Convinced she is responsible for her best friend’s death, Cass feels haunted by Devin’s ghost even as she tries to hide her guilt.
Cass gradually reveals the actual events in chapters that alternate between “after” and “before.” Devin is not the most likable of creatures though infinitely prettier than her more “ample” friend and completely boy-obsessed. Fifteen-year-old Cass recalls various humiliations at Devin’s hands as well as her increasing isolation from other friends as the result of Devin’s machinations. As the truth of the killing finally emerges, first-time novelist Kam keeps atmosphere, suspense and characters realistically entwined. The language has a somewhat old-fashioned flavor, and although readers are soon likely to suspect that Cass is a rather unreliable narrator, Cass’ supernatural experience and revelation of events unfold smoothly. The well-developed cast of characters provides the needed red herrings in classic mystery fashion. The story is ideal for middle school readers who are on the cusp of discovering their romantic selves; Devin’s reckless, sexualized encounters with the opposite sex contrast well with Cass’ careful exploration of her own interest in a boy who actually sees her and finds her attractive. The charm necklaces the two girls purchase to epitomize their best friend status thread symbolically through the narrative, keeping the focus on their relationship.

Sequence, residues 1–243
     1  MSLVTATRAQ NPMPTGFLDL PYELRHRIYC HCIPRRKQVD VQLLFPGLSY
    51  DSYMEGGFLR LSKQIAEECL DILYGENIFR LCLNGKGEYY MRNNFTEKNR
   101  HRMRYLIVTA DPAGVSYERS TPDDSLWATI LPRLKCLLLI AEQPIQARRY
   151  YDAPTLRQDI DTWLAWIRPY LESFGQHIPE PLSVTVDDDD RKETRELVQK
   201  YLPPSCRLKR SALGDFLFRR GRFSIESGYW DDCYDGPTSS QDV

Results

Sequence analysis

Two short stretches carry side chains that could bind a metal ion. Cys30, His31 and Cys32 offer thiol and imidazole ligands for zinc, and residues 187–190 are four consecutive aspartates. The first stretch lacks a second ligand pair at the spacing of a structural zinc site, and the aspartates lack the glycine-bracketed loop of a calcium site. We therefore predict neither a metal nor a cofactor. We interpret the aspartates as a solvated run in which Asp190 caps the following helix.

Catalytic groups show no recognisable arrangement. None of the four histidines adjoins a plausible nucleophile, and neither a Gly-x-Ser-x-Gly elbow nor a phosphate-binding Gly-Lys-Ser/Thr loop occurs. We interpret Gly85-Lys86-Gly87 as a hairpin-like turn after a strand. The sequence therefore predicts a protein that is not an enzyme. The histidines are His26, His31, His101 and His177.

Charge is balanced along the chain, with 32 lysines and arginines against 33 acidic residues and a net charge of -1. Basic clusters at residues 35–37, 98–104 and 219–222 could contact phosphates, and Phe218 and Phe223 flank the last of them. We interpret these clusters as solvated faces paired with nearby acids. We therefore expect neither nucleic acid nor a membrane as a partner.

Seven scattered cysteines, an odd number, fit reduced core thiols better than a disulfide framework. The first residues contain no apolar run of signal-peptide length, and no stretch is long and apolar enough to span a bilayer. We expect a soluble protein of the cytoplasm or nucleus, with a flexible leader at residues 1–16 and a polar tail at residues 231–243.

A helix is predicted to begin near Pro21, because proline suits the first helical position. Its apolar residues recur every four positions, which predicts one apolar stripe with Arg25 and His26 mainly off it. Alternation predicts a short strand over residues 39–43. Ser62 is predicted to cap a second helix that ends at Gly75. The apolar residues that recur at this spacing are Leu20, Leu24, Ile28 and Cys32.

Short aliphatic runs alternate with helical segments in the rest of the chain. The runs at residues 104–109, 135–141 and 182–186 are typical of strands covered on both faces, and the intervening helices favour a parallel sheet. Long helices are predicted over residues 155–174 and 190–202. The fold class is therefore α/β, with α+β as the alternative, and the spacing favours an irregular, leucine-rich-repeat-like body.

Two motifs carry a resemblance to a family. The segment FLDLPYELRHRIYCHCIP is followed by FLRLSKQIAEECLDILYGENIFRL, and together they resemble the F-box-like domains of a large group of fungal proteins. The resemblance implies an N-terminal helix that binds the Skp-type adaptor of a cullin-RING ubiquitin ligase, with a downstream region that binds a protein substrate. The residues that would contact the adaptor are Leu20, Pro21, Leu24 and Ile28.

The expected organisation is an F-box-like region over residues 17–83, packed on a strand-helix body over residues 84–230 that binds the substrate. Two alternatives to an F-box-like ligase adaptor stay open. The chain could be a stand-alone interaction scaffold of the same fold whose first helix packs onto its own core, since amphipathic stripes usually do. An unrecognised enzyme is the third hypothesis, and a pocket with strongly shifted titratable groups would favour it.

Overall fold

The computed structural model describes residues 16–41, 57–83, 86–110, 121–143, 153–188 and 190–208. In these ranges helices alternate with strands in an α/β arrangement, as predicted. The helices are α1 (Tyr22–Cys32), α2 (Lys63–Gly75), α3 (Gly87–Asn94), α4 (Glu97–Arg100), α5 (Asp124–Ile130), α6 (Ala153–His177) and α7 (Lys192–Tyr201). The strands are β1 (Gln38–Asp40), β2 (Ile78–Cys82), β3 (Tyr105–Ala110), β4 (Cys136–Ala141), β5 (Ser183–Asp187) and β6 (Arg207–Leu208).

A surprisingly deft mystery for early teens.